The direction of the circuit we took was dependent on this day. As a group we prefer to go uphill rather than downhill. To this meant we tackled the difficult side going up. The vertical height distance we had to cover today was 1,117m uphill.
First of all it involved going through bush and climbing up near vertical in places. Crossing quite a lot of avalanche paths which were marked by signs. Through the bush we gained quite a lot of height. Somehow Rosie managed to receive 3 bee stings on the same leg at different times, which was strange because none of else in the group saw any bees.
At one point we crossed a chasm (bridged) where you could see water rushing through it below. I’ve never seen anything like it before and any photo’s or videos just does not give it any justice, you had to be there.
Just as we broke through the bush line (1000m) we had a morning tea break. At this time it was noticed that the temperature was dropping, so it was a quick stop to catch a breather.
This is where the hard part started. Heading straight up the mountain towards Travers Saddle. This involved going over lots of loose rocks at more than a 45 degree angle. This took a good couple of hours, which meant we did not cover much distance as it was all height.
Nearly there, at 1500m we had lunch while we admired the view of where we came from. Some mean feat but not there yet. After lunch we continued on which took another hour to get to the top of the saddle.
Finally making it to the top of the saddle (1787m). We had a well deserved rest of about 20 minutes to take in the view, play in the snow and recover. It felt amazing to get to the top of the saddle as this was the highlight of our tramp and also my birthday.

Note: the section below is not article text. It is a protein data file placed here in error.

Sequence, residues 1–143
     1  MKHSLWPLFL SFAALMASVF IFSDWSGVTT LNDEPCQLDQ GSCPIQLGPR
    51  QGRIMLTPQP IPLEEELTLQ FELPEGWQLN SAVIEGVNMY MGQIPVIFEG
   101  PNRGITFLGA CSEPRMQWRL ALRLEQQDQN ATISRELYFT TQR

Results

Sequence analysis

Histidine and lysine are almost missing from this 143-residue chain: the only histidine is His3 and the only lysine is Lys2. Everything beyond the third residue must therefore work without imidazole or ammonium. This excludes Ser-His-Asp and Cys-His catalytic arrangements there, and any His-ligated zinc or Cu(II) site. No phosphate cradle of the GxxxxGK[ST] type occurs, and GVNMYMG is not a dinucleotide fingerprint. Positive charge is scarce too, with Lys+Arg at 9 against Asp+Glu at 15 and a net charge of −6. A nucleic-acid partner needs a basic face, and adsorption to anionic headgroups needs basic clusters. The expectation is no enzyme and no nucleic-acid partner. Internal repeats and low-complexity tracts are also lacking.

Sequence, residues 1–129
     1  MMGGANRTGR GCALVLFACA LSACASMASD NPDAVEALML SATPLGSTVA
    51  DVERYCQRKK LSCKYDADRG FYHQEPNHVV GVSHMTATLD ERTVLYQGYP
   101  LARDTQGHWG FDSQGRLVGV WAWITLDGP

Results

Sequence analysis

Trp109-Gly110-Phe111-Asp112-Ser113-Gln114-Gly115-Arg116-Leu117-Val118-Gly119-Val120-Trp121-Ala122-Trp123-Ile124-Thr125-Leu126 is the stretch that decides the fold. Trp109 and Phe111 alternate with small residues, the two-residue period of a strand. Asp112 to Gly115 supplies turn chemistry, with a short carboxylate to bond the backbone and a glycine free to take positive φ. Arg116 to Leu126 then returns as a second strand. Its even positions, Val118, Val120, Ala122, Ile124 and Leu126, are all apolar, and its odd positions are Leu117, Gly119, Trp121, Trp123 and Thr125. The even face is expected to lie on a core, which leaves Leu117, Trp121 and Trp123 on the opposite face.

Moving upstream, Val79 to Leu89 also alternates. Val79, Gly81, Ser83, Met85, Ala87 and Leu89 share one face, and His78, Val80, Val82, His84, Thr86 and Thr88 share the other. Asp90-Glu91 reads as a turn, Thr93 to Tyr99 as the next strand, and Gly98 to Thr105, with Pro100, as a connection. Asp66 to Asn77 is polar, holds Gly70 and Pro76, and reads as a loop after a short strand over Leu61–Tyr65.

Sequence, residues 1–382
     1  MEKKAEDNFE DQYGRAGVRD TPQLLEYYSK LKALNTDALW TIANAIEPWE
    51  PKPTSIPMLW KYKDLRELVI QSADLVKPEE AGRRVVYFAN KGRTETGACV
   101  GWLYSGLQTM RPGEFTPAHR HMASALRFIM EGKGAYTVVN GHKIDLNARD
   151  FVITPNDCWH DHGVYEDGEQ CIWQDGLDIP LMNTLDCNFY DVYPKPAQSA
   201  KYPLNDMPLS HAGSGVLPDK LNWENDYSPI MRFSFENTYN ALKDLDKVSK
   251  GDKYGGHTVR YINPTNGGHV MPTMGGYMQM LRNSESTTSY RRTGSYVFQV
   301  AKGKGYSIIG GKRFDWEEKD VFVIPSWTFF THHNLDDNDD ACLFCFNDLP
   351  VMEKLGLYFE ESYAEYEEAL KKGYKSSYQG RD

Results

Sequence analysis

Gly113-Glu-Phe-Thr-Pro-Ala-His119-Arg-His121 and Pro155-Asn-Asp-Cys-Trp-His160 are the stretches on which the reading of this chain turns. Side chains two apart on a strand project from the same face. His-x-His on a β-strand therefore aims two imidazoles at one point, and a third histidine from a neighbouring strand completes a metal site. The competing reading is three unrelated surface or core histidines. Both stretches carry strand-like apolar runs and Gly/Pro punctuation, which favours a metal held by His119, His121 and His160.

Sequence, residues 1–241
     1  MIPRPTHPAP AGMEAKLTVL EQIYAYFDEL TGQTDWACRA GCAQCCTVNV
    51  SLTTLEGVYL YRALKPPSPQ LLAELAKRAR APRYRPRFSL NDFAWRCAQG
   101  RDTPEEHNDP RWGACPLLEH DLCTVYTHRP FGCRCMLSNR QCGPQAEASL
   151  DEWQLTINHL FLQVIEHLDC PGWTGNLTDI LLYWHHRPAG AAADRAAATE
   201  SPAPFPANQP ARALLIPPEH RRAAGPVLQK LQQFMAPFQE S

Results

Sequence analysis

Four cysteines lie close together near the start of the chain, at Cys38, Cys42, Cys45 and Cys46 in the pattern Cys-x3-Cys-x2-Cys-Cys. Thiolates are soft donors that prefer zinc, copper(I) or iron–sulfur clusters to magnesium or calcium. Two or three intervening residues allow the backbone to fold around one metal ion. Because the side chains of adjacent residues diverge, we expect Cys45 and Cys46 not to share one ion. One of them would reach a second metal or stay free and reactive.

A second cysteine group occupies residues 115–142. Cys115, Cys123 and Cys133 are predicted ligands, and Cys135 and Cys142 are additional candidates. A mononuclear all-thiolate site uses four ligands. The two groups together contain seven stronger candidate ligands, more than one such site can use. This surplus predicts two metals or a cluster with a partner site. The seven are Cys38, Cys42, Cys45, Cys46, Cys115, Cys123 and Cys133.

Now it was downhill on the other side. Had to carefully climb over rocks as an extra challenge of snow and ice was presented to us. Chris & Rosie had some mini-crampons which made the task getting down a little easier. For the rest of us it was a matter of taking it slowly.
Finally reaching the bottom of the river valley (Travers River) where headed down to the hut which was another hour away. It was rewarding to finally getting to the hut after a long hard day.
That night we toasted marshmallows on the fire and admired the night sky.
It was another early morning because we had a huge distance to cover. This involved following the river down. Crossed the river a couple of times and over rocks, some were slippery due to black ice.
We stopped at Travers Falls and admired the wonderful force of water, which was huge.
Continued motoring down to John Tait hut where we had morning tea/lunch before continuing on to Lakehead Hut.
The pace that we had set earlier in the day had us cover a great distance with good timings was starting to run out of steam. Mainly due to when we got down to the flood plain, which seemed to go on and on. The sun was beating down on us and we were getting hot for the first time on the tramp (due to wearing gloves & jumpers in the alpine environment).
We came across some patches where frost still existed at 2.30 – 3pm in the afternoon which we found fascinating.
Eventually we made it to the hut as the sun disappeared behind the mountain at 3.30pm.
A very heavy frost this morning, it has to be the coldest morning experienced so far (must have been in the minuses). It is back to St Arnaud.
Along the way we took some very scenic photo shots. Just over a good couple of hours we completed the circuit.
We head back to the batch we are staying at, where we had lunch and rested for the rest of the afternoon.
Our final day in the South Island, the weather started to turn so we considered ourselves lucky that we had great sunny weather throughout. We packed and cleaned up the batch.
Our Nelson Lakes Shuttle took us back to Nelson, via the Airport (where we checked in our packs, so we did not have to carry them round town).
We had lunch and then walked round town for the afternoon before being picked up and taken back to the airport. Finally we then flew back to Auckland where we were welcomed to rain (typical).